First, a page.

The market in the Middle East for 280,000mt to US Gulf (routing via the Cape/Cape) continues to be assessed at the WS18-18.5 level, while rates for 270,000mt to China have reduced by one point to just above WS31 (a round-trip TCE of minus $4.1k/day). In the Atlantic, rates for 260,000mt West Africa to China have fallen 1.5 points to WS32.5 (minus $1,500/day TCE) and 270,000mt US Gulf to China dropped another $100k to just below $4.1m (a TCE of about $2.1k/day), with Chevron reported to have fixed the 2012 built Ingrid at $4.075m to South Korea.
The 135,000mt Black Sea/Med market rates have held at the WS57.5 level (a round-trip TCE of about minus $6.7k/day), while the 130,000mt Nigeria/UK Continent market rates have remained at WS47.5 (a round trip TCE of minus $2.3k/day). The market for 140,000mt Basrah/Med slipped one point lower at WS23.
In the Mediterranean, the market has moved upwards with rates for 80,000mt Ceyhan/Lavera recovering four points to just shy of WS90 (a TCE of about $2.4k/day basis a round voyage). In Northern Europe, the market for 80,000mt Cross-North Sea remained flat at WS91 (about minus $3.4k/day TCE round trip), while in the 100,000mt Baltic/UK Continent market rates are assessed 1.5 points lower than a week ago at WS63.75 (a round trip TCE of about minus $2k/day). Across the Atlantic the market has seemingly bottomed out as rates for 70,000mt Caribbean/US Gulf and East Coast Mexico/US Gulf have remained steady around the WS80 mark (a TCE of about minus $2.6k/day and minus $1.7kpd round trip respectively). The 70,000mt US Gulf/UK Continent market regained a modest four points to WS72.5 (which shows a TCE of about minus $1k basis a round trip, obviously basis single trip economics this would be a positive number).
The start of the week in the Middle East Gulf saw LR2 rates drift down almost three points to WS76.25 and thereafter owners have had their backs to the wall with charterers relentlessly chipping away at rates. The market now for 75,000mt to Japan sits at WS75 level. The LR1s have fared marginally better with tonnage well balanced against demand and the market for 55,000mt has nudged up a couple of points into the low WS90s. The MRs have come under downward pressure and rates for 35,000mt into East Africa have lost around seven points and are now hovering at the WS160 region. For owners trading MRs from the Continent it has been a disappointing week with rates for 37,000mt to USAC sliding from low WS120s down to barely WS105 before recovering to WS110. Thereafter volatility has appeared with a deal reported back down at WS105, but also WS115 is now said to have been agreed. The one benefit for owners is the improvement in the 38,000mt backhaul market from the US Gulf to UK Continent, which dipped below WS 65 early in the week before plenty of enquiry from US Gulf helped thin the tonnage list and rates have climbed back up to low WS90s. Unsurprisingly, the knock-on effect has been seen for runs to Brazil with rates now in the low WS130s, in contrast to WS105 region at the start of the week. For owners plying the 30,000mts clean trade in the Mediterranean it has been another week to forget with charterers able to squeeze down rates a further 7.5 points to WS127.5, although the tonnage list has now tightened somewhat to give owners some comfort.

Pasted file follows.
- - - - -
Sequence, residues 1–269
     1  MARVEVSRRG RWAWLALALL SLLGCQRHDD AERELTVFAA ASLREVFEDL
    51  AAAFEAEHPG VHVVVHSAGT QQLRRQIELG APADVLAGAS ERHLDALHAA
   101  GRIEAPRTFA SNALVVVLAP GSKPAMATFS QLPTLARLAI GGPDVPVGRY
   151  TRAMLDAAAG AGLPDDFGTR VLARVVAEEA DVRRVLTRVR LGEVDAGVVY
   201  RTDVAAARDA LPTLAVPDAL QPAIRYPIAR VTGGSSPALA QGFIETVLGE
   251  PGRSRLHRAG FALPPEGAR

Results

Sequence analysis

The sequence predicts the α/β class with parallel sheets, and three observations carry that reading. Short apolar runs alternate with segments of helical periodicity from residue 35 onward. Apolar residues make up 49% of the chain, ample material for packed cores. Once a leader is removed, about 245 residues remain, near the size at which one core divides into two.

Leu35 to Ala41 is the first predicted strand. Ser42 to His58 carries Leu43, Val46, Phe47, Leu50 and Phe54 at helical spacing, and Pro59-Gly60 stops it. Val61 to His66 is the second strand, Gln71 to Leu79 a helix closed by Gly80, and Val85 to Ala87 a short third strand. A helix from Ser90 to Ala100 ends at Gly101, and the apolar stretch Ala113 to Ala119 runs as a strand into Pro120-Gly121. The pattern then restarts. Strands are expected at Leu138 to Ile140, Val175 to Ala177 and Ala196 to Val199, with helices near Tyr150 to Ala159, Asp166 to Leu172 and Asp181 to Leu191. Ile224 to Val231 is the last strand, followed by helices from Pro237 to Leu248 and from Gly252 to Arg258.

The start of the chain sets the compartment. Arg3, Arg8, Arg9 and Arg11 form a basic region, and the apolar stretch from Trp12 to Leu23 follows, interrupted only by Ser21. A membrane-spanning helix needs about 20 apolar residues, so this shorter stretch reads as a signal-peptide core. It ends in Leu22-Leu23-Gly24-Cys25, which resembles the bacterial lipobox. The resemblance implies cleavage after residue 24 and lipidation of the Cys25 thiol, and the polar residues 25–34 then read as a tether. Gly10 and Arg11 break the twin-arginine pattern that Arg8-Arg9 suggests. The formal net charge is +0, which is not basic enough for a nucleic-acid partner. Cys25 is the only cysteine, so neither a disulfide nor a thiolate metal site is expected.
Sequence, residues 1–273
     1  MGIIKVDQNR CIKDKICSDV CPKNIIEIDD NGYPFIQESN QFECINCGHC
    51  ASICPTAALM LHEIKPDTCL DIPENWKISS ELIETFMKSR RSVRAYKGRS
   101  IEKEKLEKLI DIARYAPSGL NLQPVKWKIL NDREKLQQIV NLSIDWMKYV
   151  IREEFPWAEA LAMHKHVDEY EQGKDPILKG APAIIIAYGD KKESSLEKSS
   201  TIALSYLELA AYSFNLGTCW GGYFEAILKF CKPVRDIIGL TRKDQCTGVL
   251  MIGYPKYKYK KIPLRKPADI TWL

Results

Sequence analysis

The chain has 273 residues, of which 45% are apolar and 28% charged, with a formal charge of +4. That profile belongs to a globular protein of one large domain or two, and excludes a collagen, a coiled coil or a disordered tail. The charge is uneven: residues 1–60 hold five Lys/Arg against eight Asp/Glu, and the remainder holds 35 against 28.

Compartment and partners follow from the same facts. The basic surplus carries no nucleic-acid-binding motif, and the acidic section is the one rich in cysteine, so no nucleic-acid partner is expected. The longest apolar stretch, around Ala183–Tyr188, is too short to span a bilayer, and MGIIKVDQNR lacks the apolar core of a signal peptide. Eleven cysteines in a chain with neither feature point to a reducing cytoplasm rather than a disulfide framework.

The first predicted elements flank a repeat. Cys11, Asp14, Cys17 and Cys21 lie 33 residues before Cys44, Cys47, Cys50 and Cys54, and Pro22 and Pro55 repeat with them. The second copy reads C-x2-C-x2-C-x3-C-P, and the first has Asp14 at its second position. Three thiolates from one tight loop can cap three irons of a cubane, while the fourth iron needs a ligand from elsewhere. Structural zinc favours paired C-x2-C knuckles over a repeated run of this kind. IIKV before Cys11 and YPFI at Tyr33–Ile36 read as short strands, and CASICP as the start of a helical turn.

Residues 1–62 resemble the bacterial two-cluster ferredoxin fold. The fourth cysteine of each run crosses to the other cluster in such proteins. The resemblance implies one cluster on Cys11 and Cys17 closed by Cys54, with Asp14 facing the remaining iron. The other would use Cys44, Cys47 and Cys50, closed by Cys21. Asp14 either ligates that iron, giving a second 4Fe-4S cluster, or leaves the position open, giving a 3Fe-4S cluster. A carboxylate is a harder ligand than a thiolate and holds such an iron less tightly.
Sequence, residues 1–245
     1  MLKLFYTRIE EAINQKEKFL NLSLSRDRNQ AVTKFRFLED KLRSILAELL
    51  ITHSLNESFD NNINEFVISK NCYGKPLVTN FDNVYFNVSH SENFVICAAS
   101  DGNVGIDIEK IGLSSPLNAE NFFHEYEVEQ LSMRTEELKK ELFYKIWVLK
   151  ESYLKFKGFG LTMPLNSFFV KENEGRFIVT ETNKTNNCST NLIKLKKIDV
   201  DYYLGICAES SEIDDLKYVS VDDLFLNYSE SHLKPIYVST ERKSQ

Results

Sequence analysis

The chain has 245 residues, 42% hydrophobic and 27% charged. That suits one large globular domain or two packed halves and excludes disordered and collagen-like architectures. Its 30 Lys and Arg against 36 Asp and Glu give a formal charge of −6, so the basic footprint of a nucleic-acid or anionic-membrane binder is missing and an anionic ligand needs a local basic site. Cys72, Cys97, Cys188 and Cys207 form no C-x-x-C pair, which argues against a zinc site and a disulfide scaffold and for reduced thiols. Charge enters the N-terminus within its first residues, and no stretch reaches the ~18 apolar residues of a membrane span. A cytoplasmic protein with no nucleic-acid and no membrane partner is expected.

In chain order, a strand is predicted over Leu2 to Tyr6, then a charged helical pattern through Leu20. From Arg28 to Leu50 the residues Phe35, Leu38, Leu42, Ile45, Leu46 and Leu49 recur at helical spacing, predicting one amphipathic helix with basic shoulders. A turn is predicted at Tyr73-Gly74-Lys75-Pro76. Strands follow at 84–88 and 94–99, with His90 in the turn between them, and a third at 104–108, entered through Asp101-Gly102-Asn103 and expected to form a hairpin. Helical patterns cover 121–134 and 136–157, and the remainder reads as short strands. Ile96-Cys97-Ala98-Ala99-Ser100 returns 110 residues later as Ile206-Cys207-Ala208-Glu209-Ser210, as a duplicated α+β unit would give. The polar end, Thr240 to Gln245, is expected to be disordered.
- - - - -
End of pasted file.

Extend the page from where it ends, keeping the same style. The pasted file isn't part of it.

Headquartered in London and a subsidiary of the Singapore Exchange (SGX), the Baltic Exchange publishes a range of indices and assessments which provide an accurate and independent benchmark of the cost of transporting commodities and goods by sea. These include the Baltic Dry Index (BDI), the dry bulk shipping industry's best known indicator. Published daily since 1985, this provides a snapshot of the daily spot market earnings of capesize, panamax and supramax vessel types on the world's key trading routes.
Chart shows Baltic Dry Index (BDI) during June 11, 2020 to June 11, 2021
Baltic Forward Assessment for BDI
In March 2018 the BDI was re-weighted and is published using the following ratios of timecharter assessments: 40 percent capesize, 30 percent panamax and 30 percent supramax. The information is provided by a panel of international shipbrokers.
(Source: The Baltic Exchange, edited by Niu Huizhe with Xinhua Silk Road, email@example.com)